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by Susan Hellauer
Once an obscure federal consumer protection agency, the Federal Energy Regulatory Commission (FERC) is now a star in the Trump Administration’s fossil-fuel firmament. Over N.Y. State’s eleventh-hour objection, it just greenlighted the last piece of pipeline feeding an Orange County fracked-gas power plant. The state is mulling its options, while a legion of infuriated Orange County residents prepares for battle—again.
FERC: Consumer watchdog or industry lapdog?
Pipeline opponents don’t miss a beat when you ask that question: Lapdog, all day long. But the agency’s origin is another story.
The Federal Waters Act of 1920 created the Federal Power Commission (FPC) to regulate hydroelectric dams. By the 1930s, the small agency was also protecting consumers from electricity monopolies and price gouging. The FPC became FERC as part of the 1977 Clean Water Act. Hydroelectric projects and wholesale electricity rates were still in its portfolio, along with oversight of the natural gas industry, and siting of interstate gas pipelines.
Although it’s tasked with consumer and environmental protection, fossil-fuel opponents have long seen FERC as the “open sesame” for Big Gas projects. When FERC makes headlines today, it’s usually for allowing corporate land seizures, or for giving a new interstate gas pipeline the thumbs-up or thumbs-down. But FERC’s critics see too many ups and too few downs, despite what they say are a mounting number of devastating fossil fuel pipeline disasters. And they bristle at the federal agency’s right to brush aside state and local objections or environmental concerns. Now it looks like there’s even more for the clean-energy crowd to worry about.
FERC in the Age of Trump
Almost from the start of the Trump administration, FERC lacked a decision-making quorum of three among its five commissioner seats. The six-month pause ended in August, when the lone commissioner (a Democrat) joined two Senate-confirmed Republicans. One of those Republicans, new FERC chairman Neil Chatterjee, was top energy aide to Senate Majority Leader Mitch McConnell of Kentucky. That’s deep coal country, and Chatterjee is an unabashed fossil-fuel industry booster.
Even in a no-fracking state like New York, corporate natural gas purveyors are building out infrastructure to move their products to regional markets and ports. They need the Chatterjee-led FERC to approve the siting of their pipelines and, if a property owner won’t cooperate, to use its power of eminent domain to grant easement. All this is playing out right now, just up the road.
All sorts of pollution
The latest FERC intervention pertains to the massive Valley Energy Center, a 680-megawatt natural-gas electricity-generation plant nearing completion in the Orange County town of Wawayanda (about 30 miles from the Rockland border). Well before the $900 million project broke ground in 2015, concerned local residents had organized themselves as Protect Orange County. They still picket the plant site each week and, after arrest and conviction for protest activities, the Wawayanda Six even chose jail time over fines.
These grass-roots activists insist that electricity from the Valley Energy Center is not needed, and that the project is just a lucrative, long-term way to market fracked gas. They object to the millions of tons of climate change-inducing carbon dioxide and methane (86-100 times more potent a greenhouse gas that CO2) produced every year by the plant. They believe that the noxious emissions and pollution will harm one of the state’s most fertile agricultural regions. They point out that the project will result in only 23 full-time jobs. And they wonder how this power plant, which they say will increase the state’s greenhouse gas emissions by 10%, will impact Governor Andrew Cuomo’s ambitious goal of meeting 50% of New York’s energy needs from renewable sources by 2030.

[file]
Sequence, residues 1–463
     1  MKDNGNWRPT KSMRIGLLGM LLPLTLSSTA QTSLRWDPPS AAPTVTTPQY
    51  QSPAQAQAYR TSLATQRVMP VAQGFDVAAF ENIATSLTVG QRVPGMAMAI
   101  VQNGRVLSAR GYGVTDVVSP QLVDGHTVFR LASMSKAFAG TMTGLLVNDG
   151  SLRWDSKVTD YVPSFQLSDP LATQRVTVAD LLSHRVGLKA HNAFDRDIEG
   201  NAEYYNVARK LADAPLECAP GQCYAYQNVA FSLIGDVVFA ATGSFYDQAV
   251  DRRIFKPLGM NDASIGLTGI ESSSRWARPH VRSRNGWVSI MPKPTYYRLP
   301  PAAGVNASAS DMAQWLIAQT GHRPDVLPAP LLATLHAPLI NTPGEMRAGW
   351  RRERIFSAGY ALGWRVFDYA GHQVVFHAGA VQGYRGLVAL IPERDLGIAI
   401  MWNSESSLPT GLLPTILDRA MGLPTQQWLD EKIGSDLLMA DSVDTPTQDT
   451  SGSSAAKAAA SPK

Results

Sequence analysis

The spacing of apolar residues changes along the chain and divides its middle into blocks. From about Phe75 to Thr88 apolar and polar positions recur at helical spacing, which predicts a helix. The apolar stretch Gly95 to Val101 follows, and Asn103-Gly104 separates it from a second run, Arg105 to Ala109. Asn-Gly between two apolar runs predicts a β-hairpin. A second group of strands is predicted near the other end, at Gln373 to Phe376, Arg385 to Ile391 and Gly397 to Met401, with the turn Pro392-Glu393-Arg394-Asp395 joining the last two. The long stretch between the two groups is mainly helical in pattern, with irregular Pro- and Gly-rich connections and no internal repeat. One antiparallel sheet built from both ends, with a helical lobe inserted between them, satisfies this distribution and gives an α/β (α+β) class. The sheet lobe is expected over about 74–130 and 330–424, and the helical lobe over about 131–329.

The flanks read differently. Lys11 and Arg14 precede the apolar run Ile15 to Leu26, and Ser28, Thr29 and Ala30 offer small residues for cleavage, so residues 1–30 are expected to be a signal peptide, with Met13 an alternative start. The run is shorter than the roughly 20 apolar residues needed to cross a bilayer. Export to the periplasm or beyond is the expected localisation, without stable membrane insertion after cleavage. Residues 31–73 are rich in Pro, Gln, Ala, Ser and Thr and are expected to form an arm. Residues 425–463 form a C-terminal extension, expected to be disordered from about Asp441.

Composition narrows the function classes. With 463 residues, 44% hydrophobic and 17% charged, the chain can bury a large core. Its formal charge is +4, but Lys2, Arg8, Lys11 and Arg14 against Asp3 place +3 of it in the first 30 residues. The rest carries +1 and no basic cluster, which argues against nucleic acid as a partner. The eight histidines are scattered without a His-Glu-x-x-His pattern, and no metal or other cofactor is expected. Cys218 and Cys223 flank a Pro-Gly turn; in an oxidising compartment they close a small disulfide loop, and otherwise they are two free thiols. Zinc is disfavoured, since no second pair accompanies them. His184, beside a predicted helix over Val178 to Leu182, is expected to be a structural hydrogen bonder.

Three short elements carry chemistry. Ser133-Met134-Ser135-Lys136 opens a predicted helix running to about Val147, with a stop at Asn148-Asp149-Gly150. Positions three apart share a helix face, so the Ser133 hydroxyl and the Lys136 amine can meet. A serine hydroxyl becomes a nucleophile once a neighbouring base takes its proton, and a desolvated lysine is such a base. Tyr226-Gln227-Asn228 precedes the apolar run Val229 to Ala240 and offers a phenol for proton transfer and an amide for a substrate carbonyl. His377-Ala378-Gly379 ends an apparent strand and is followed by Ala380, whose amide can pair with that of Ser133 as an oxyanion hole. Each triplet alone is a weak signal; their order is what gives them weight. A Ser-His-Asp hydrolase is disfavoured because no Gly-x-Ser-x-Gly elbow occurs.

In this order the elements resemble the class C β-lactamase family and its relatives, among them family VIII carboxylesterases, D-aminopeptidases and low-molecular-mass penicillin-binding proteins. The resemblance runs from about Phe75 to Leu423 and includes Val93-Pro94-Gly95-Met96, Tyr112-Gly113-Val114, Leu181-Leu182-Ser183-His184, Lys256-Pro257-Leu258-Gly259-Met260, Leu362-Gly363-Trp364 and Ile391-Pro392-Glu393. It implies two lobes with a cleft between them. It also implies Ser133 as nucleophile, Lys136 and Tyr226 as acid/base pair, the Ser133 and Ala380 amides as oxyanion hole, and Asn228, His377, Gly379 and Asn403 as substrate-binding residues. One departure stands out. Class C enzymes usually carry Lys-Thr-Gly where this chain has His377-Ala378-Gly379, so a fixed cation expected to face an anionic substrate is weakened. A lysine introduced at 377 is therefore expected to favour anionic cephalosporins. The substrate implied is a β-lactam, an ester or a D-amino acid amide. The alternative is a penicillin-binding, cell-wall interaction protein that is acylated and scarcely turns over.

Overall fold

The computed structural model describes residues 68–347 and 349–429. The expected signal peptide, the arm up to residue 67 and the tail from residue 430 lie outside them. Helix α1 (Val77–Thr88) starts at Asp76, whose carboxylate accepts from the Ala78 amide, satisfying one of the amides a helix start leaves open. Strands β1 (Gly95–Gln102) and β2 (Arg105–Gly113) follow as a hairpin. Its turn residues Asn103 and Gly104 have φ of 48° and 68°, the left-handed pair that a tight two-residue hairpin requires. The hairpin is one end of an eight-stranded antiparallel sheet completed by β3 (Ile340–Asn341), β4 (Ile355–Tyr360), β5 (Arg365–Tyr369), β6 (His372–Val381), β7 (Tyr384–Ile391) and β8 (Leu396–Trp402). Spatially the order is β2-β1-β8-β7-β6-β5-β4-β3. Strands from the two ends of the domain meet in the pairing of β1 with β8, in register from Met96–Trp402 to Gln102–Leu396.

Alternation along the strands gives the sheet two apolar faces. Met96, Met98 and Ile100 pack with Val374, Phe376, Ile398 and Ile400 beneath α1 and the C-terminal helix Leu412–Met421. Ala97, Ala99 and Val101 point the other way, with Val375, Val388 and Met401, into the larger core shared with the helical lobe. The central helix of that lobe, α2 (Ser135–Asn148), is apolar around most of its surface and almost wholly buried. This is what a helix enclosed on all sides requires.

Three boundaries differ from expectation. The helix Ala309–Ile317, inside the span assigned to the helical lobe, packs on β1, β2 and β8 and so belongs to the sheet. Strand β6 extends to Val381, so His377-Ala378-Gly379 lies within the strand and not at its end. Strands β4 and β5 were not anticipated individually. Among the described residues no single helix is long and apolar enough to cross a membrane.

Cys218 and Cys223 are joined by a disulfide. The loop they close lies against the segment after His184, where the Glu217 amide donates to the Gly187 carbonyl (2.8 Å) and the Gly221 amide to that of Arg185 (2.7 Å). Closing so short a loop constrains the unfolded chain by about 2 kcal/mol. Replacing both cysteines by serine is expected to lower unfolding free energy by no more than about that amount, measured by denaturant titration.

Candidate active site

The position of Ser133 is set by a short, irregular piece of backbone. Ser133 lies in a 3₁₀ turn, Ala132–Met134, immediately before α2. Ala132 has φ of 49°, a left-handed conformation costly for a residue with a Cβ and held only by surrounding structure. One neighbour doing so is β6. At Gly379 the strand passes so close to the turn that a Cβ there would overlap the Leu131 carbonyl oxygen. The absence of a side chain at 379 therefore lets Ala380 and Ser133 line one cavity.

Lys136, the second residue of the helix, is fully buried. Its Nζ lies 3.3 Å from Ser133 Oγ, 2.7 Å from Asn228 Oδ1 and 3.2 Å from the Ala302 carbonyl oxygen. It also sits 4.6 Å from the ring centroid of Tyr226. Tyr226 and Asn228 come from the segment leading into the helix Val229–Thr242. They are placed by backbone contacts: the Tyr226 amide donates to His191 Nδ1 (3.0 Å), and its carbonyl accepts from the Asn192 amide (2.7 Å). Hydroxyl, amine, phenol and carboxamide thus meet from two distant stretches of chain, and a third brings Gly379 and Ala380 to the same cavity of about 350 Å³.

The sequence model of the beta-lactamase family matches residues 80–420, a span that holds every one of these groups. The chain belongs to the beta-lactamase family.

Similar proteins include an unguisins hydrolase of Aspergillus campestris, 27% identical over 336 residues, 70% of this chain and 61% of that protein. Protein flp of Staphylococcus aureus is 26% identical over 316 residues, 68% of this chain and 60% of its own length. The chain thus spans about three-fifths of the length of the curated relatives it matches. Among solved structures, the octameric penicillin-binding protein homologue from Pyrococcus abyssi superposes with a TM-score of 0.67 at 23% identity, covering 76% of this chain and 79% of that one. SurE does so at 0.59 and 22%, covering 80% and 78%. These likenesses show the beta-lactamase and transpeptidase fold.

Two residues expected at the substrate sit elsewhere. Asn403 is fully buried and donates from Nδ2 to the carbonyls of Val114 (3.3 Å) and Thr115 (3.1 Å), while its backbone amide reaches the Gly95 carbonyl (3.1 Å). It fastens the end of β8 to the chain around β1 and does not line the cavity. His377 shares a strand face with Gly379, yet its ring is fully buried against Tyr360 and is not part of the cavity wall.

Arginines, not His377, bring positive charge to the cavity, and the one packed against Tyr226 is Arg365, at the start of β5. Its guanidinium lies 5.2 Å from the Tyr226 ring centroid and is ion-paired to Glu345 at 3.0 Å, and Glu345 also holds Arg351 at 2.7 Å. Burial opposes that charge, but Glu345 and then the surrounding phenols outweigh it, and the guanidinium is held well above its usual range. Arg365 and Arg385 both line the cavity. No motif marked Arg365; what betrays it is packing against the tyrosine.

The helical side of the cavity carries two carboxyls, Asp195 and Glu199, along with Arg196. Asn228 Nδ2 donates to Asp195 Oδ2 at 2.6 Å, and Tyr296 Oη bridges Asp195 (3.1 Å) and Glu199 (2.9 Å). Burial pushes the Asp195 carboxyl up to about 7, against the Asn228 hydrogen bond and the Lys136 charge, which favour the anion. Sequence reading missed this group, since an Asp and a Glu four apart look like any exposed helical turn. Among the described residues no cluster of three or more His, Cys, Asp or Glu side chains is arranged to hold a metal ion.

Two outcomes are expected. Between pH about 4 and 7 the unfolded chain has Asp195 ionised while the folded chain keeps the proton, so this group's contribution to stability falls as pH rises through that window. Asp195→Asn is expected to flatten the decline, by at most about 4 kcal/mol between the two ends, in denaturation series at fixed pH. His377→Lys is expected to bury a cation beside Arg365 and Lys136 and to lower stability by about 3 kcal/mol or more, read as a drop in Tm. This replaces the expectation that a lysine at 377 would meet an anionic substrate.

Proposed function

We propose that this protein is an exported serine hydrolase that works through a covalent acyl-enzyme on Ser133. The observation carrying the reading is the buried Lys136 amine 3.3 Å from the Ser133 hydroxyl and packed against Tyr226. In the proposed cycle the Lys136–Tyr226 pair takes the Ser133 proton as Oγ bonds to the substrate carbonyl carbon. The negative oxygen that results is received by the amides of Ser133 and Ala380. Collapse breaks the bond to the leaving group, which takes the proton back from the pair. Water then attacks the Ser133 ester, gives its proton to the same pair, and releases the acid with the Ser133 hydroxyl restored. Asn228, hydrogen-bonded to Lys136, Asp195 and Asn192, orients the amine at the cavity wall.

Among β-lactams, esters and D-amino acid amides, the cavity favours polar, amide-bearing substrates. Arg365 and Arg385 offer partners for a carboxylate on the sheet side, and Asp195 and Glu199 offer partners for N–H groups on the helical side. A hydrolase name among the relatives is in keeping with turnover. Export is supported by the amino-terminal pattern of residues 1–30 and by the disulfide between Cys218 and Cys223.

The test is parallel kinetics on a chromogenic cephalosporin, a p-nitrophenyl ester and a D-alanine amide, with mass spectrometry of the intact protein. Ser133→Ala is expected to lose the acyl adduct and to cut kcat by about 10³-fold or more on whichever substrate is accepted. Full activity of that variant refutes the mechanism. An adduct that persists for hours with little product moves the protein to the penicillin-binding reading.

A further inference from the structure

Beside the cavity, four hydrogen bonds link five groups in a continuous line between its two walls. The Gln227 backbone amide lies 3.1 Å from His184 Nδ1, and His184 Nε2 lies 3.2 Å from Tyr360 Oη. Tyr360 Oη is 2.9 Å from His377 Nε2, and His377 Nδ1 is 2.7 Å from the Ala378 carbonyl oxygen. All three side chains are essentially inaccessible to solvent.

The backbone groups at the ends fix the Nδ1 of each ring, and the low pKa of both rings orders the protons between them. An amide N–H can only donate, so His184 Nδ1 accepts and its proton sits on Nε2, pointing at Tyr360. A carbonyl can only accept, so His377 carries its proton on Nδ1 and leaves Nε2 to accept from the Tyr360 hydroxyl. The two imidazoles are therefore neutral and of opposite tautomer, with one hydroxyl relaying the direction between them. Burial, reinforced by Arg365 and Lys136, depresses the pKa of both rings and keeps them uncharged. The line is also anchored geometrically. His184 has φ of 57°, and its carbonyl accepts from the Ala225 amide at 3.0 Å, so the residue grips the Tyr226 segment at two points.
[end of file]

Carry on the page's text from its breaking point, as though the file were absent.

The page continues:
Then there’s a whole other kind of pollution allegedly accumulating around the gas plant and its builder, Competitive Power Ventures (CPV). In September 2016, the United States Attorney for the Southern District of New York obtained nine indictments in an explosive corruption case, including Andrew Cuomo’s former Executive Deputy Secretary and longtime confidant Joseph Percoco. At his November 2016 arraignment, Percoco pleaded not guilty to six counts of extortion and soliciting bribes, accepting a $90,000-a-year “low-show” job with CPV for his wife, and taking $315,000 in bribes from his co-defendant, CPV executive Peter G. Kelly. (Kelly also provided a private jet for Cuomo’s 2010 re-election campaign.) According the the charges, Percoco intervened with the New York State agencies and otherwise eased the Wawayanda plant’s path to unobstructed approval. Jury selection for Percoco’s trial is set for January 8.
FERC’s reversal of Governor Cuomo’s decision is an insult to New Yorkers and our right to protect our communities and our water. States unquestionably have the authority to rule whether a dirty, dangerous fracked gas pipeline violates clean water laws, and nowhere is FERC granted the right to override that authority. For all their talk and bluster, Donald Trump and his nominees have once again proven to be nothing more than industry shills protecting corporate polluter profits over the rights of Americans to access clean water.
Sierra Club Atlantic Chapter Director Roger Downs (9/15/17)
Punch and counterpunch
Before it can go online, the Valley Energy Center needs one more piece: a connection to the Millennium Pipeline, which carries fracked gas into New York State from the Marcellus Shale fields of Northeastern Pennsylvania. To build this spur, dubbed the Valley Lateral Project, Millennium Pipeline LLC needed water permit approvals from the NY State Dept. of Environmental Conservation (DEC).